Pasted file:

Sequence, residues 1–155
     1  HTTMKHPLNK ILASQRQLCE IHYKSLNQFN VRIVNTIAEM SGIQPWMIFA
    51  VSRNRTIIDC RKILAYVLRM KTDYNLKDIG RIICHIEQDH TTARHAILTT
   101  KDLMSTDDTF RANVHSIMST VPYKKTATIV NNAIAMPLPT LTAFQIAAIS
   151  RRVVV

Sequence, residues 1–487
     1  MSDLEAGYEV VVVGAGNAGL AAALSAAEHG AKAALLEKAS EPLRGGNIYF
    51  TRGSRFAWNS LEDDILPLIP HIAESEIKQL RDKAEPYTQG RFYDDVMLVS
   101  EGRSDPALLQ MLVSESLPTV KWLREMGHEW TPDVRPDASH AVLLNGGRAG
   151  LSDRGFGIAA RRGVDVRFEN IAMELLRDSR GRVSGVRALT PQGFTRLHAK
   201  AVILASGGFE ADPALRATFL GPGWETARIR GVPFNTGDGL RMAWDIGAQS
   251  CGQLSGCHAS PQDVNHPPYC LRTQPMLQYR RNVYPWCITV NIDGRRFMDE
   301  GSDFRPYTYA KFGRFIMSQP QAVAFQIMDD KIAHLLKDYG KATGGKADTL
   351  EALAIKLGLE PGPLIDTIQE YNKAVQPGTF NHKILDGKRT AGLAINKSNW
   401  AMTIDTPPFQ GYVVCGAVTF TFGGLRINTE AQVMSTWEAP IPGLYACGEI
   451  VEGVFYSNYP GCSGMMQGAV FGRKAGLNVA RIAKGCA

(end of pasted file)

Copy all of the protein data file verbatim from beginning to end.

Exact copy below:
Sequence, residues 1–155
     1  HTTMKHPLNK ILASQRQLCE IHYKSLNQFN VRIVNTIAEM SGIQPWMIFA
    51  VSRNRTIIDC RKILAYVLRM KTDYNLKDIG RIICHIEQDH TTARHAILTT
   101  KDLMSTDDTF RANVHSIMST VPYKKTATIV NNAIAMPLPT LTAFQIAAIS
   151  RRVVV

Sequence, residues 1–487
     1  MSDLEAGYEV VVVGAGNAGL AAALSAAEHG AKAALLEKAS EPLRGGNIYF
    51  TRGSRFAWNS LEDDILPLIP HIAESEIKQL RDKAEPYTQG RFYDDVMLVS
   101  EGRSDPALLQ MLVSESLPTV KWLREMGHEW TPDVRPDASH AVLLNGGRAG
   151  LSDRGFGIAA RRGVDVRFEN IAMELLRDSR GRVSGVRALT PQGFTRLHAK
   201  AVILASGGFE ADPALRATFL GPGWETARIR GVPFNTGDGL RMAWDIGAQS
   251  CGQLSGCHAS PQDVNHPPYC LRTQPMLQYR RNVYPWCITV NIDGRRFMDE
   301  GSDFRPYTYA KFGRFIMSQP QAVAFQIMDD KIAHLLKDYG KATGGKADTL
   351  EALAIKLGLE PGPLIDTIQE YNKAVQPGTF NHKILDGKRT AGLAINKSNW
   401  AMTIDTPPFQ GYVVCGAVTF TFGGLRINTE AQVMSTWEAP IPGLYACGEI
   451  VEGVFYSNYP GCSGMMQGAV FGRKAGLNVA RIAKGCA